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Batch Computing

Batch processing involves users submitting jobs to a scheduler and resource manager that decides the best and most efficient way to run the jobs while maintaining the highest possible usage of all resources.

 

Testing on the Front-end (login machine)

  • The front-end machine (rush) can be used for tests that run for a few minutes and do not use an extensive amount of memory.
  • The maximum amount of time for running tests on the front end is 30 minutes.

 

Batch System

The batch scheduler used in CCR is the SLURM Workload Manager.

  • SLURM is a workload manager that provides a framework for job queues, allocation of compute nodes, and the start and execution of jobs.
  • SLURM provides scalability and performance.  It can manage and allocate the compute nodes for large clusters.  SLURM can accept up to 1,000 jobs a second.
  • More information about SLURM can be found around our website:
Learn more job priority

What are the benefits of batch processing?

  • It allows sharing of computer resources among many users and programs.
  • It shifts the time of job processing to when the computing resources are less busy.
  • It avoids idling the computing resources with minute-by-minute manual intervention and supervision.
  • By keeping high overall rate of utilization, it better amortizes the cost of a computer, especially an expensive one.

Source - Wikipedia 

Examples of Using the Batch Scheduler

Interactive Jobs:

It is possible to run an interactive job.  This job is still a batch job and must wait for the scheduler to assign nodes.  Once the nodes are available the job logins into the first node.  Note that when you type 'exit' your job will end and you'll be put back on the front end.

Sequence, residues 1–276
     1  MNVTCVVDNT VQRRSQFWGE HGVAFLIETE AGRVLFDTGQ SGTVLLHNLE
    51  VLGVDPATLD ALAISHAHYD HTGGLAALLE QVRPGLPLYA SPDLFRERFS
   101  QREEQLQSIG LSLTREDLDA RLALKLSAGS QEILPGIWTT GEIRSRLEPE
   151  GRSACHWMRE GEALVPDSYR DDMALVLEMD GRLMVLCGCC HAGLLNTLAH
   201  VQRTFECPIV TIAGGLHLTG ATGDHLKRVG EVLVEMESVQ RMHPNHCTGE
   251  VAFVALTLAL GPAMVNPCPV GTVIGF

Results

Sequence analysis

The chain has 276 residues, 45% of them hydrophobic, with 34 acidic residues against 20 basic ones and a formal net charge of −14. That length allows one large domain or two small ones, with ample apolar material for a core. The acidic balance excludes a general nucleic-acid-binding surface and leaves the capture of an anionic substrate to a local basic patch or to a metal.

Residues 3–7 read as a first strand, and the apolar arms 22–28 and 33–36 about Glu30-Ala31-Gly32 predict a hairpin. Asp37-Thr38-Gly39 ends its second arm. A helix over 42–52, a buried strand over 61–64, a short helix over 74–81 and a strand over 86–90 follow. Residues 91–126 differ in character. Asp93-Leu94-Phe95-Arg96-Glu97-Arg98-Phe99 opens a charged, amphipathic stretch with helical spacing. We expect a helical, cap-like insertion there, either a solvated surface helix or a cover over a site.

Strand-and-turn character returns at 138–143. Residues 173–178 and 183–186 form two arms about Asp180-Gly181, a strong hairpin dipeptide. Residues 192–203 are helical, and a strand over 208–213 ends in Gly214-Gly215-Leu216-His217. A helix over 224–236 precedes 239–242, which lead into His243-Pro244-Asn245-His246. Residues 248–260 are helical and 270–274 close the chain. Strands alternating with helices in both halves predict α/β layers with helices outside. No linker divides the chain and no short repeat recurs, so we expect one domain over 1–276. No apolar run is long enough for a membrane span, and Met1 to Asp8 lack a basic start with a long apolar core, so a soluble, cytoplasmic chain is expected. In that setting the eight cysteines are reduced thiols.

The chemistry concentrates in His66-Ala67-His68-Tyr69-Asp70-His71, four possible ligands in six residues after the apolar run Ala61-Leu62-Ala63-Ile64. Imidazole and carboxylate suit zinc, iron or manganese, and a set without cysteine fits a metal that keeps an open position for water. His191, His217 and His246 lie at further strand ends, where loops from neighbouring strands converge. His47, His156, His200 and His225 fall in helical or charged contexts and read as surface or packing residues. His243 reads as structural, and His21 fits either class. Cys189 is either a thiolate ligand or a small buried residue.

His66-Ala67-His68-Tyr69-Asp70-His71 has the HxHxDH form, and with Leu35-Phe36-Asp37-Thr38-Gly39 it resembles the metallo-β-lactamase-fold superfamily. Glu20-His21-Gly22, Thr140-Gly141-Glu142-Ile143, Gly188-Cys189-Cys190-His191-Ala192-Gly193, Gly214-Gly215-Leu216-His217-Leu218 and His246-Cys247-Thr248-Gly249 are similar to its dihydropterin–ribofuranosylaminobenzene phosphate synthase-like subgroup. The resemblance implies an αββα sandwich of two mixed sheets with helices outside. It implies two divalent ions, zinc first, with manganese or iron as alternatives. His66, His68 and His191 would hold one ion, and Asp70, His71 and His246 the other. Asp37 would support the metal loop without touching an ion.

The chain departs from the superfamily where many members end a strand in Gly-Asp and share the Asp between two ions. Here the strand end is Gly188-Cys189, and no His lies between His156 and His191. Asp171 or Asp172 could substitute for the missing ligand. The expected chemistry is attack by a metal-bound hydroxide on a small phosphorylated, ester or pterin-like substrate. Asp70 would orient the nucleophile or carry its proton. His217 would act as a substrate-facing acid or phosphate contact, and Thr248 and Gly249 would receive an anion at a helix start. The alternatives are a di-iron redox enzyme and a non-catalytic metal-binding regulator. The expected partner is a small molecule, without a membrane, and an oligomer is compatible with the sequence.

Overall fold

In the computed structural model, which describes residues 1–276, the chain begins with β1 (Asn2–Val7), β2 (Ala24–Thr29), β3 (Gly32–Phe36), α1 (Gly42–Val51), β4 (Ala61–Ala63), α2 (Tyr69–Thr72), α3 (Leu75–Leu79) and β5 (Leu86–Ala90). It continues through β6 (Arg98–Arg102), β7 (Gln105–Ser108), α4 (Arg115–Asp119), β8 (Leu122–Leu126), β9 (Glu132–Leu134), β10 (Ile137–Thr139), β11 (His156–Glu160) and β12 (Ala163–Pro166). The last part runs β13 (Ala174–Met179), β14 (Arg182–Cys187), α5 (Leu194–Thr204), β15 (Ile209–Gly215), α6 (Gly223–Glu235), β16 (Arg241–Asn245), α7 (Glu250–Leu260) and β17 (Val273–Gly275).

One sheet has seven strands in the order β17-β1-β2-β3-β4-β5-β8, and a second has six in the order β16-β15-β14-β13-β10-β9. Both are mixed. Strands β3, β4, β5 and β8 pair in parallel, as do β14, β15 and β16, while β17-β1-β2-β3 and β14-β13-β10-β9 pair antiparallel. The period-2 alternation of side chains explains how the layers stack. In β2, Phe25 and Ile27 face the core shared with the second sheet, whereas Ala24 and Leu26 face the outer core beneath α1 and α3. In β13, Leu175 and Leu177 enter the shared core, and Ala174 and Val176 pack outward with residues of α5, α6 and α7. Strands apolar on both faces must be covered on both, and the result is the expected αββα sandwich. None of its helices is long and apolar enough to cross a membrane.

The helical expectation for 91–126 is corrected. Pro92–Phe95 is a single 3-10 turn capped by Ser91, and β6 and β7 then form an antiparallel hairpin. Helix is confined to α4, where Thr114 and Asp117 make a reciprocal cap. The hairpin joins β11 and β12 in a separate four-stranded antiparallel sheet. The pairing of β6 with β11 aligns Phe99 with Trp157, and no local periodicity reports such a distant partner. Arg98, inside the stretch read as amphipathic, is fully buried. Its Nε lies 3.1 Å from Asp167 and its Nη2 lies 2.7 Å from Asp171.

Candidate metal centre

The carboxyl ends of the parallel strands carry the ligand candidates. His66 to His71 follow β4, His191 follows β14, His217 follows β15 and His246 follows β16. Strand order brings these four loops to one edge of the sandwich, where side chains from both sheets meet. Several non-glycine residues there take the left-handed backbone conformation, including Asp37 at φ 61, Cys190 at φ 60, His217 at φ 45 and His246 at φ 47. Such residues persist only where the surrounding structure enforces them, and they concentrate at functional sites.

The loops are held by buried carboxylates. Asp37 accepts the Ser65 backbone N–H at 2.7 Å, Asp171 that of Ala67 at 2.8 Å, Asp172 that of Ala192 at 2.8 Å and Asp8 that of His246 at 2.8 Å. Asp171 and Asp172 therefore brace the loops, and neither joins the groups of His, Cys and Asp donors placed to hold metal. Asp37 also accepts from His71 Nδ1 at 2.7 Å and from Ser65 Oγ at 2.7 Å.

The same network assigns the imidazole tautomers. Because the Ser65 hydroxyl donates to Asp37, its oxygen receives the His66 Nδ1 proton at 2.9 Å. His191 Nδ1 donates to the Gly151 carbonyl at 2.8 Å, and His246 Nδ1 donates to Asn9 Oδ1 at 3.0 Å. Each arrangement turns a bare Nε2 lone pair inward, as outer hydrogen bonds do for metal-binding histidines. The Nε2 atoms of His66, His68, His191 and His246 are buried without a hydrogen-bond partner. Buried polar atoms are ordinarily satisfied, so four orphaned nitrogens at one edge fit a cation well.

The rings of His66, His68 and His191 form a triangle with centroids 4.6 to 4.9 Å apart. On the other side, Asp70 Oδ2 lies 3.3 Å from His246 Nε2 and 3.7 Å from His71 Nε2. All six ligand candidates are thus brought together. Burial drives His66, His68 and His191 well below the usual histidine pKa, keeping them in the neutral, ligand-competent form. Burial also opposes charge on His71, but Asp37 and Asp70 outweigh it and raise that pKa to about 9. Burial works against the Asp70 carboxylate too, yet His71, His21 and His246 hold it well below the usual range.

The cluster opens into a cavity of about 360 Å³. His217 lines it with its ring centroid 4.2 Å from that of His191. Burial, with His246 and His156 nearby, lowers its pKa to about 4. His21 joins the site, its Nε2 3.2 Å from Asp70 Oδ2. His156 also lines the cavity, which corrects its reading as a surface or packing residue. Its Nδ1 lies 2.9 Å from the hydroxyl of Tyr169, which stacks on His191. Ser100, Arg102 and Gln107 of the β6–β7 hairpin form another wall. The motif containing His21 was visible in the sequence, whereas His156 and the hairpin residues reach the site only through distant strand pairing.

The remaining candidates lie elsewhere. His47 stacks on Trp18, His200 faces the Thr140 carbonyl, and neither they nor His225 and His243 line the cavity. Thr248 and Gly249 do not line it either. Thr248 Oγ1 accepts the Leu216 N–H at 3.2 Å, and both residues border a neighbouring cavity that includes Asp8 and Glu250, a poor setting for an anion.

Submit an interactive job where 1 node with 8 cores is requested for 1 hour (default partition general-compute): 

[rush:~]$ fisbatch --nodes=1 --ntasks-per-node=8 --time=01:00:00 

 

To submit an interactive job with X-Display, make sure you're forwarding X11 in your SSH client.  Windows users will need to use XWin32 to display X11 sessions.  More details can be found here

 

 

Job Scripts

Sample SLURM scripts

 

 

Using Scratch Space in a Job

  • The local scratch space, that is the scratch disk on a compute node, is available while a job is running. A directory is created in /scratch on each compute node in the job. The variable $SLURMTMPDIR is set to /scratch/$SLURM_JOBID.
    • Users can copy data to and from this scratch space in the SLURM script.
    • All files are removed from the $SLURMTMPDIR directory at the end of the job.
  • The global scratch spaces - /panasas/scratch - may also be used during a job.
  • NOTE: /panasas/scratch is temporary, potentially volatile storage.  It's intended to be used during job run time and then users are expected to remove their files when their jobs are complete.  The storage is not backed up and files older than 3 weeks in age are automatically removed once a day.